Neither could they, who were then just and to be saved, enter into Thy heavenly kingdom, before Thy passion, and the payment of our debt by Thy sacred death.– Imitation of Christ Bk III, Ch XVIII.


February Devotion: The Holy Trinity (also the Holy Family)

Virtue to practice: Humility

I vow and consecrate to God all that is in me: my memory and my actions to God the Father; my understanding and my words to God the Son; my will and my thoughts to God the Holy Ghost; my heart, my body, my tongue my senses and all my sorrows to the sacred Humanity of Jesus Christ, ‘who was contented to be betrayed into the hands of wicked men and to suffer the torment of the Cross.’ – St. Francis de Sales

An indulgence of 3 years.
A plenary indulgence on the usual conditions, if this act of oblation is devoutly repeated every day for a monh (S.P.Ap., Sept. 22, 1922 and May 12, 1934).
The faithful who devoutly offer any prayers in honor of the Most Holy Trinity with the intention of continuing them for nine successive days, may gain:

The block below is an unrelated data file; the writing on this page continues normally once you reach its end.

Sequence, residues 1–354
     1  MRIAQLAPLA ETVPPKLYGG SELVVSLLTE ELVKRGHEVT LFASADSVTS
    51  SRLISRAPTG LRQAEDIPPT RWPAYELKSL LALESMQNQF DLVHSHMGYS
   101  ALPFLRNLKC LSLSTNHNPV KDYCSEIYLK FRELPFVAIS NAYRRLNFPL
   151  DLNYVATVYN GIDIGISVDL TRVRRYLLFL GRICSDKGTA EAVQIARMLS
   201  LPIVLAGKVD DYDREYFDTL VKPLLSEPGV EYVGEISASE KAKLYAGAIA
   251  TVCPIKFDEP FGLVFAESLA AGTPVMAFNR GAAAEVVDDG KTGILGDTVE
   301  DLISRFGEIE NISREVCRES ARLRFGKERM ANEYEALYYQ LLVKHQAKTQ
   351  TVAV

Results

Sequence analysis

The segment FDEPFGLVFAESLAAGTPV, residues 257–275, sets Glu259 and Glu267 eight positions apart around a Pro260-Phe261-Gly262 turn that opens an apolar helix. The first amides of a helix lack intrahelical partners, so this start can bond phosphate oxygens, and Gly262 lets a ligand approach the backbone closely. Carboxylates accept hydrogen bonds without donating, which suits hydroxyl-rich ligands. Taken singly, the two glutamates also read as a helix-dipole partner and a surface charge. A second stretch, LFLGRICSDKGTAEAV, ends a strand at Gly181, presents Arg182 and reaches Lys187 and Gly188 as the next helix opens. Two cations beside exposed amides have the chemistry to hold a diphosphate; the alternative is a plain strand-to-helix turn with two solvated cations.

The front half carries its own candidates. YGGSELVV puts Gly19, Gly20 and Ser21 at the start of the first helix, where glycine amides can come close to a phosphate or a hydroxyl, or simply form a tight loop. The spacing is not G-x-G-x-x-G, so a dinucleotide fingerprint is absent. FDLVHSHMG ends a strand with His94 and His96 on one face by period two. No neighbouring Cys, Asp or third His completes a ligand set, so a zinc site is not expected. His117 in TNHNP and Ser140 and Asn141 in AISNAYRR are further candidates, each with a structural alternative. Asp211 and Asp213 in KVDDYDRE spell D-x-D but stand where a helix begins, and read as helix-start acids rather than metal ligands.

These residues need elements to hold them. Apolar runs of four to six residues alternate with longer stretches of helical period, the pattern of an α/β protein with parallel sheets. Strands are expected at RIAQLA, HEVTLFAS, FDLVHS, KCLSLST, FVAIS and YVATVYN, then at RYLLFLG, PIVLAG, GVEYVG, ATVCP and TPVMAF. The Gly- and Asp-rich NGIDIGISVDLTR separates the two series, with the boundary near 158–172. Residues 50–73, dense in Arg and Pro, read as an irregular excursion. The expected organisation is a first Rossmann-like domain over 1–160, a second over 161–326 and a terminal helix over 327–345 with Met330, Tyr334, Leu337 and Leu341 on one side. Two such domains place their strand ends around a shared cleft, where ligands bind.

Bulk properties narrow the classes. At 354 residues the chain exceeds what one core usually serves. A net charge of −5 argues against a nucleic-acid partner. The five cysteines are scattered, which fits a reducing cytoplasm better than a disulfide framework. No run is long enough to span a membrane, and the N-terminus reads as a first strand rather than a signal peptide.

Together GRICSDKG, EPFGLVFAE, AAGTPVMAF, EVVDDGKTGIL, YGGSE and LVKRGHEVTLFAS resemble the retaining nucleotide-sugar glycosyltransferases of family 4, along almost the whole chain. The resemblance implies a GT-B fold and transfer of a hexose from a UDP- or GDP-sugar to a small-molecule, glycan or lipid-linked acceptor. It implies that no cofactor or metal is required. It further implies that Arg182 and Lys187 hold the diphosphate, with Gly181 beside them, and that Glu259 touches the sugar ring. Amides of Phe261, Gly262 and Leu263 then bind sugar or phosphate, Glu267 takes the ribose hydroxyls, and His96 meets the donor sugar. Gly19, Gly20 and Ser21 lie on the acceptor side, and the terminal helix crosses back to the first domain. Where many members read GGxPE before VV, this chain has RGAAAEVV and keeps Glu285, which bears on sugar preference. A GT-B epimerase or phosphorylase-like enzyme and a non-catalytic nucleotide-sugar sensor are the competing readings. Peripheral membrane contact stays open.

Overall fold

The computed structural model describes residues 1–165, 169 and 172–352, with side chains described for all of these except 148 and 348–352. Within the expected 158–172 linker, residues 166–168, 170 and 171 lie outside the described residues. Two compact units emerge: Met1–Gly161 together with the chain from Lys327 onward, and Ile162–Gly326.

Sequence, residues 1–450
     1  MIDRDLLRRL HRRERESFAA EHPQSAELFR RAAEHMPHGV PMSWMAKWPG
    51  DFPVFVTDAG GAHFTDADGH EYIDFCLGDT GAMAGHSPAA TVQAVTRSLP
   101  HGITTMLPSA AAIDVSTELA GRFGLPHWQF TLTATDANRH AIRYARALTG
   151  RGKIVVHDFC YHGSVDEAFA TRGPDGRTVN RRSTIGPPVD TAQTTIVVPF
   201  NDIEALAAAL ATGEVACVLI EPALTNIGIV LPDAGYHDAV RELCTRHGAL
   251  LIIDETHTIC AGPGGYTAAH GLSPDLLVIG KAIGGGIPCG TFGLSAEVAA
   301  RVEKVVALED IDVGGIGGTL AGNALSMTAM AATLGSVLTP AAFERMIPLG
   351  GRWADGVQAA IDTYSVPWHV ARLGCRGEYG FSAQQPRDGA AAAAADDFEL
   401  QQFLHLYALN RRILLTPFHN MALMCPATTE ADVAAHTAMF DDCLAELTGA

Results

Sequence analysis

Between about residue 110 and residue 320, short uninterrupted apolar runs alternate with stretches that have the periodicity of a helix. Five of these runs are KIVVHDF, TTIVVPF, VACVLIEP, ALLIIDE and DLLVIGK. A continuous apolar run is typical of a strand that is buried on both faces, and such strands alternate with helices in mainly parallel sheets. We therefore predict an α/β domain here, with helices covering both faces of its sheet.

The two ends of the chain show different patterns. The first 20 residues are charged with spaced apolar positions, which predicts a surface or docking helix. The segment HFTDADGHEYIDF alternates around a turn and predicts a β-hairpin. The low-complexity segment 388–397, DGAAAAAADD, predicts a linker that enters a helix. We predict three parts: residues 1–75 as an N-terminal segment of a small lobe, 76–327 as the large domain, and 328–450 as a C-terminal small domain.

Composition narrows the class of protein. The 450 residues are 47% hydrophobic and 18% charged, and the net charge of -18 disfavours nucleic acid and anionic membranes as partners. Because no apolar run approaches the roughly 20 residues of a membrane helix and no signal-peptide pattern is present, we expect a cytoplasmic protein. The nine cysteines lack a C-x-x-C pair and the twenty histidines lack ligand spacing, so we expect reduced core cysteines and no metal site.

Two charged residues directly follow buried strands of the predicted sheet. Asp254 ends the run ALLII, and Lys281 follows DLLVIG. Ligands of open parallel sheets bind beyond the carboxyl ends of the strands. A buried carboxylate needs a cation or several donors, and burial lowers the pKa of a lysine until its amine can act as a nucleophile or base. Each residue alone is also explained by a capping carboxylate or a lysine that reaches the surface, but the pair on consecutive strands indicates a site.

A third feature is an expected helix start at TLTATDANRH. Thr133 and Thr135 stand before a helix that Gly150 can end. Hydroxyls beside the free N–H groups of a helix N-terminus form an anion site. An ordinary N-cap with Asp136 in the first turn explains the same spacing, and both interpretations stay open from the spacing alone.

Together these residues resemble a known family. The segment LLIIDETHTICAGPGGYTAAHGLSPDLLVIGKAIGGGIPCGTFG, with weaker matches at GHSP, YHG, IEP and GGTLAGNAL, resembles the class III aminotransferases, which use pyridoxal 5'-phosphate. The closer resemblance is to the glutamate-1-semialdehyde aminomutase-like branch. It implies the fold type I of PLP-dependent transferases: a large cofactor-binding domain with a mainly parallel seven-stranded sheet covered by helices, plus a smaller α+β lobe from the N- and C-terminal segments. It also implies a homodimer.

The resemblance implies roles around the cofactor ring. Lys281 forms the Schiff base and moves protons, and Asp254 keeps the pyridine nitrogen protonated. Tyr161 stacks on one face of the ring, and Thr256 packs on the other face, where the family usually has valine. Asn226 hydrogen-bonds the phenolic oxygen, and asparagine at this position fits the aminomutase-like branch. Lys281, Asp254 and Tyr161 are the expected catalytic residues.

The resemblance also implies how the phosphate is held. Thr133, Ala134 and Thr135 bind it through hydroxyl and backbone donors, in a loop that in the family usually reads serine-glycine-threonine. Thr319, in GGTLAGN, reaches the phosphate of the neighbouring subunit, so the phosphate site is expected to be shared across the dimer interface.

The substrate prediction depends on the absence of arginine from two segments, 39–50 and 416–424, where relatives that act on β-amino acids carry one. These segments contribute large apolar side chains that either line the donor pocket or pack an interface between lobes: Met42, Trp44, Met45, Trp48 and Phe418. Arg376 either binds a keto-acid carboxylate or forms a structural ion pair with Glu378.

An indulgence of 7 years once each day:
A plenary indulgence on the usual conditions at the end of the novena (S.C. Ind., Aug. 8 1847; S.P. Ap., Mar. 18, 1932).


Novena in Honor of Our Lady of Lourdes

O ever Immaculate Virgin, Mother of Mercy, Health of the Sick, Comforter of the Afflicted, thou knowest my wants, my troubles, my sufferings; deign to cast upon me a look of mercy. By appearing in the grotto of Lourdes thou wert pleased to make it a privileged sanctuary from where thou dost dispense thy favors, and already many sufferers have obtained the cure of their infirmities, both spiritual and corporal. I come, therefore, with the most unbounded confidence, to implore thy maternal intercession. Obtain, O loving Mother, the granting of my requests. Through gratitude for thy favors, I will endeavor to imitate thy virtues, that I may one day share in thy glory. R. Amen.
V. O Mary, conceived without sin,
R. Pray for us who have recourse to thee.